To examine whether RFs (a) differ in their protective value between the CA+ and the CA− group and (b) change in their protective value between age 14 and 17, we conducted RF mean comparison analyses. More specifically, we compared the RF and general distress mean levels (a) between the CA+ and the CA− group (i.e. separately for age 14 and 17), and (b) between age 14 and age 17 (i.e. separately in the CA+ and CA− groups). To ensure latent mean comparability across ages, we estimated strongly invariant categorical LCFAs , for which the exact LCFA parameter specifications and model identification details are outlined in Additional file 5: Part B. All strongly invariant categorical LCFAs fitted satisfactorily (Additional file 5: Part B Table S5). We did not compute an LCFA for the expressive suppression RF, as this RF was measured with only one item. We binarized the aggression and expressive suppression RFs, as they showed a restricted range. To circumvent slight deviations from normality, we tested CA+ vs CA− mean level differences with independent sample Wilcoxon rank-sum tests (with continuity correction). Moreover, we compared age 14 and age 17 mean levels with paired sample Wilcoxon signed rank tests (with continuity correction). As sensitivity analyses, we re-ran the mean change analyses (a) with factor scores retrieved from the full invariance models (see Additional file 6) and (b) with sum scores (see Additional file 6). All mean comparisons were corrected for the false discovery rate . Additionally, we explored whether CA moderates the relationship between age and RFs, to test whether the change patterns of the RFs differ between the two groups.
Investigating network structure changes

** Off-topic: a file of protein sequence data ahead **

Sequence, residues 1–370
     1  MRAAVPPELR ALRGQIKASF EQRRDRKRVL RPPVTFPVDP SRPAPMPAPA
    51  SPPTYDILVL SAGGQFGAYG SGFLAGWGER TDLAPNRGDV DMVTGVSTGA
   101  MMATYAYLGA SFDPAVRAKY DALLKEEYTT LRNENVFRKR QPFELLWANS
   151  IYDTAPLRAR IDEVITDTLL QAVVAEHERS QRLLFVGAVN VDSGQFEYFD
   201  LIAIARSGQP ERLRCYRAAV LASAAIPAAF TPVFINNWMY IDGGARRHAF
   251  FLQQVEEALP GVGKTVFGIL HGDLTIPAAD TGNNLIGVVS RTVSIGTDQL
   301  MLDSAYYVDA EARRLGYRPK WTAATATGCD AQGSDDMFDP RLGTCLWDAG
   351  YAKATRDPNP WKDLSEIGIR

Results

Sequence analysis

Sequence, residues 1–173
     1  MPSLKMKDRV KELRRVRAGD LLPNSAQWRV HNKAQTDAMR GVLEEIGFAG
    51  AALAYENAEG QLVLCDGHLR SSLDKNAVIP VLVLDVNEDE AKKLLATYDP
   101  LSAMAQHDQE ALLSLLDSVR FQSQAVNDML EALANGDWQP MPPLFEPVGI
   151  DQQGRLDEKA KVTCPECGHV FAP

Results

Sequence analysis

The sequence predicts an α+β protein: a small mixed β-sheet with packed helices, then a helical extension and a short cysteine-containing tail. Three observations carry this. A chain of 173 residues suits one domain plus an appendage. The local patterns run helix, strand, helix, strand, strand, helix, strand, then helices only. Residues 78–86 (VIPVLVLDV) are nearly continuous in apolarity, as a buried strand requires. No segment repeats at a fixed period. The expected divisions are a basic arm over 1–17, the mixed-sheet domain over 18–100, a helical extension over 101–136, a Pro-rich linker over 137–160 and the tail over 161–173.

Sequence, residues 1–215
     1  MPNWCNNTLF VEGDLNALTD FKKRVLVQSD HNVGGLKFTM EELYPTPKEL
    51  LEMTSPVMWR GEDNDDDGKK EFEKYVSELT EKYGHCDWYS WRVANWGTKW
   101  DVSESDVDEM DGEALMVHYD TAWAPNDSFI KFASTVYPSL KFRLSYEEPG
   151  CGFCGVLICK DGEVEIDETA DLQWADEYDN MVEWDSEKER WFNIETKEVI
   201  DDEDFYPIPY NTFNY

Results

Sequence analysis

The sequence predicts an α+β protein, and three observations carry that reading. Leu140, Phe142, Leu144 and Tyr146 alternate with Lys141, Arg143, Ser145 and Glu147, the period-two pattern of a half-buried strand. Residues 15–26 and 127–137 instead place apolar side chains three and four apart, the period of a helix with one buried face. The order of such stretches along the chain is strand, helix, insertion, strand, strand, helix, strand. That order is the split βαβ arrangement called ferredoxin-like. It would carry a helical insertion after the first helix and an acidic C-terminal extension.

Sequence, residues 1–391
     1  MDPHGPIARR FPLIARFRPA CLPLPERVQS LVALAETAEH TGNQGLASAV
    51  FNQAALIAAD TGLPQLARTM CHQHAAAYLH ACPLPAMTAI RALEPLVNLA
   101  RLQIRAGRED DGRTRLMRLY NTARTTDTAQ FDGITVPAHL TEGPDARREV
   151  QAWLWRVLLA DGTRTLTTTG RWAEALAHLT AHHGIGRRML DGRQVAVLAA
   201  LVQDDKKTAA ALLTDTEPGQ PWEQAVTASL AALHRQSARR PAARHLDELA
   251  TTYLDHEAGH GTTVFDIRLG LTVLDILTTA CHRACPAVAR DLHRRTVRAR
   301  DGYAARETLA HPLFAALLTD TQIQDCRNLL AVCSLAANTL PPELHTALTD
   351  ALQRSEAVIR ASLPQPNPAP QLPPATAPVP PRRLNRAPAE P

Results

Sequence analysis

To examine (a) whether RFs interrelate differently in the CA+ and the CA− groups and (b) whether those RF interrelations change between age 14 and 17, we computed RF network models. More specifically, we used RF factor scores to estimate regularized partial correlation network models . Those models were computed separately for adolescents with and without CA, as well as for age 14 and age 17. We compared the resulting models with each other using permutation tests (i.e. network comparison tests (NCTs)) . To ensure that the exchangeability assumption of permutation tests was met (i.e. the joint distribution of the scores is invariant when permuting over time), we estimated fully invariant categorical LCFAs. The exact LCFA parameter specifications and details regarding the model identification can be found in Additional file 5: Part B. All fully invariant categorical LCFAs fitted satisfactorily (see Additional file 5: Part B Table S5). As above, we did not compute an LCFA for expressive suppression, and we again binarized the aggression and expressive suppression RFs. We estimated (a) networks only containing the 10 RFs, (b) networks containing both the 10 RFs and the general distress factor, and (c) networks containing the 10 RFs corrected for general distress levels. To ensure conciseness, we here discuss the RF network models being corrected for general distress levels, as those enable the comparison of the CA+ and the CA− groups when taking the putatively confounding effect of psychopathology levels into account. The other two models are discussed in Additional file 7.